Even if your practice is only booked out for a short time, it is important not to let work expand to fit the time, but to accomplish as much production each and every day as possible, within the constraints of quality work and personal relations with your patients.

Some of the most effective practices that I have seen are booked out less than one week. Does this mean that they are weak and not successful? No, on the contrary, they are some of the most efficient and profitable practices we see, as they are keeping up with patient demand. Imagine a grocery store that had fantastic groceries, but only one clerk and one check out line, and at five o'clock every day they closed the store and a hundred people had to put their groceries back on the shelves and their money back in their pocket. That sounds rather ridiculous, but that's what happens in most dental practices that are booked three or more weeks ahead. One of our clients actually doubled his practice in one year's time. I asked him how he did it and he explained that in the previous year when patients needed treatment, they gave them an appointment. The new policy was to give them a chair. The operative principle here is that if your waiting list grows shorter, don't allow your per-day production to drop.

Management consultants can bring many resources and skills to a practice. Keep in mind that even small increases in gross income will result in large incremental net income, so the cumulative effect of a number of small improvements can add considerably to your bottom line.

While this may not seem like the best time to spend money on a management consultant, consider the value of the benefits. To understand the economics of retaining a consultant, start with the consultant fee and add 25% to it. That's how much more you need to gross to break even on the consulting fee this year. And remember, anything you collect in excess of that number will be 80% net income to you, as well as adding to the value of your practice. Payback for an effective consultant is typically less than ninety days, then the profit all goes into your pocket from then on.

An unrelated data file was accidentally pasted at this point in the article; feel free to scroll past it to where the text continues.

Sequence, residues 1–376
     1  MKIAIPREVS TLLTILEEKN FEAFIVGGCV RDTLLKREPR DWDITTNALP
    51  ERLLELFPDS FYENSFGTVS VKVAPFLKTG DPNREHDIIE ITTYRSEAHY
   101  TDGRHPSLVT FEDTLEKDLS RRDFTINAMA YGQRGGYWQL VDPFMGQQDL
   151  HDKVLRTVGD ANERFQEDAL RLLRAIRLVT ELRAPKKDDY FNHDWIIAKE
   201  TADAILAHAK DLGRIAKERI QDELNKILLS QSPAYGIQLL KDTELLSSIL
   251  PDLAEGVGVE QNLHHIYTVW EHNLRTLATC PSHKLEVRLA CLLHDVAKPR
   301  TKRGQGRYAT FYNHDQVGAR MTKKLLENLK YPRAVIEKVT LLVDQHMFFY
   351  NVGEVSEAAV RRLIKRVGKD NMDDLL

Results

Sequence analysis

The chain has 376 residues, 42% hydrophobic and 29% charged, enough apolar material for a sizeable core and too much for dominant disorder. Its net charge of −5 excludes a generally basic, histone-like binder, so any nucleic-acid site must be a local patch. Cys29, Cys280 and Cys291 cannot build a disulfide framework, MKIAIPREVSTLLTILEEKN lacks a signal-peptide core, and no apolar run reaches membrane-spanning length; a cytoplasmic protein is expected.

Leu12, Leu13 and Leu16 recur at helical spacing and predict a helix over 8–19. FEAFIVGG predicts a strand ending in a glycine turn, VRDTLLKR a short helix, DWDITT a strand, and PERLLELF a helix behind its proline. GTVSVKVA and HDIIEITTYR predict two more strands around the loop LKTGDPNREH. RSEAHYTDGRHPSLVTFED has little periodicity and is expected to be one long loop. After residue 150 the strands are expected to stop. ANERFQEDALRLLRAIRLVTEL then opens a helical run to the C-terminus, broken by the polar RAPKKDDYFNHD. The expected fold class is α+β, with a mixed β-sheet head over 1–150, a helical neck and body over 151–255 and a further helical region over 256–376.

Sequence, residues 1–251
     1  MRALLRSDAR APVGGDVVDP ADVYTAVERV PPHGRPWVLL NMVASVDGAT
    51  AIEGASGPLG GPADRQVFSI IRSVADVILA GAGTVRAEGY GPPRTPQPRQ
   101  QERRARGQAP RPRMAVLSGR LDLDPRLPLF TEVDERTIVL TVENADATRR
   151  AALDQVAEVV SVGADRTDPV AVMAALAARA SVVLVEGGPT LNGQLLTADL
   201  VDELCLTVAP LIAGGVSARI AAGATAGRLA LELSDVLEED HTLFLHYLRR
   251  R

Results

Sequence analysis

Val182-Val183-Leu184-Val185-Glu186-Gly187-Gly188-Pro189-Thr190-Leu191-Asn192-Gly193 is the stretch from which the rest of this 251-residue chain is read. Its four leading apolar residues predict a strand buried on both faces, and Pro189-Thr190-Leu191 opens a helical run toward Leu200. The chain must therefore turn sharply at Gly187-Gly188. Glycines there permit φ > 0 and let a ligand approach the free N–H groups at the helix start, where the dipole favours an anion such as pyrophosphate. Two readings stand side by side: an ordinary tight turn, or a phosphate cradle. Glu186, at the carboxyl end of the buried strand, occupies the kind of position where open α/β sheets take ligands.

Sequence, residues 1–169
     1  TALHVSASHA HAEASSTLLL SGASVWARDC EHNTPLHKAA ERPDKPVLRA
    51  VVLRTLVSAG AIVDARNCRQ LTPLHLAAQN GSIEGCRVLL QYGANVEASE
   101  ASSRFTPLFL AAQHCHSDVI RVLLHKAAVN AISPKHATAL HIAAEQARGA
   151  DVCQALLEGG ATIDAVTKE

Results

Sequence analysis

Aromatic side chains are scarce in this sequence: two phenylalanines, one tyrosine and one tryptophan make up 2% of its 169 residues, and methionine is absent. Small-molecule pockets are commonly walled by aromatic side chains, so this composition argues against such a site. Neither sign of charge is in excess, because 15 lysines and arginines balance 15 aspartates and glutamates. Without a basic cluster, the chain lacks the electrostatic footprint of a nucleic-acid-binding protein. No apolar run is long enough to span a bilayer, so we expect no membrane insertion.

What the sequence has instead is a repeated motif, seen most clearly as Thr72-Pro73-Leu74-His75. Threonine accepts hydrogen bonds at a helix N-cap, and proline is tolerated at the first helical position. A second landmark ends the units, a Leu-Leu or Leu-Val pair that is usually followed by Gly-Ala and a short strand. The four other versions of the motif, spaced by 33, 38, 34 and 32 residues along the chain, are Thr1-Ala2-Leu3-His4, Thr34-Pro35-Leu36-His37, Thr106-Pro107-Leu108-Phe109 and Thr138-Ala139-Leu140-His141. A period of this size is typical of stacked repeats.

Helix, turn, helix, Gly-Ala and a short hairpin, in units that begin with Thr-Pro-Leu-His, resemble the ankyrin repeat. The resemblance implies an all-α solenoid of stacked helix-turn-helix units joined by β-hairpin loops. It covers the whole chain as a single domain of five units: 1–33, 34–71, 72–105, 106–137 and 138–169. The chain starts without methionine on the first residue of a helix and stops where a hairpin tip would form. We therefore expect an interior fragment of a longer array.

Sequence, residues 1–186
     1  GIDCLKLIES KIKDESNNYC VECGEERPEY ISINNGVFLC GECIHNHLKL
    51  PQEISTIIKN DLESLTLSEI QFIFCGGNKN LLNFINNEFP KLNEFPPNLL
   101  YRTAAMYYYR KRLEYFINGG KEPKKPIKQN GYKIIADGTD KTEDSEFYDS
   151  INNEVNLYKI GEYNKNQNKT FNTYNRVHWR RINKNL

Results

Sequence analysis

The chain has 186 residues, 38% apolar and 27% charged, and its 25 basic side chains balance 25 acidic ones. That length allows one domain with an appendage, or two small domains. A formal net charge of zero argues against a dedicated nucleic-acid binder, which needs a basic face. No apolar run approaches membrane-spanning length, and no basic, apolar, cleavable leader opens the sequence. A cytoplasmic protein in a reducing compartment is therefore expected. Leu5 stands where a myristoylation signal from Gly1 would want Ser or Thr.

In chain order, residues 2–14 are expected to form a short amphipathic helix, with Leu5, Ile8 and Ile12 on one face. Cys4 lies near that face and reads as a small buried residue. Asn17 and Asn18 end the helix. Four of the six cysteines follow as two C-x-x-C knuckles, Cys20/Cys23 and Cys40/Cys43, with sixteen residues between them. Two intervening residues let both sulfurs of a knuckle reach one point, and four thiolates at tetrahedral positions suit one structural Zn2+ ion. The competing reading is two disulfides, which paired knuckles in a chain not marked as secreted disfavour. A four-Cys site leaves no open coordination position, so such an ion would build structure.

Dentists have also been asking me how our business is as well. While I have noticed a slow down in client traffic, this could be cyclical or random, but overall transitions are still taking place. While it appears that we sell practices, we are actually selling incomes. And dentists need incomes and in good times and bad times alike. Buyers are still looking for good practices, and financing is still available, with some of the lowest rates ever seen.

Dentists are concerned whether it is prudent or safe to buy a practice in troubled times. I believe it is. That isn't to say that bad times are the best time to buy a practice, but considering the alternative of not having a practice or an income, it is usually the best option.

Why is that? For starters, dentists who own their own practice are generally the most successful and happiest dentists I encounter. They make the most money and they have control of their practice, their income and their circumstances. Dentists who own their practices don't get fired, they get to perform the treatment plans that they prefer, take vacation time when they want, and decide who their staff will be. So while times may be troubled, it's still an excellent time to own one's own practice and use professional aid in making that practice as efficient as possible. And when the good times return, you'll be in the best position of all, bar none.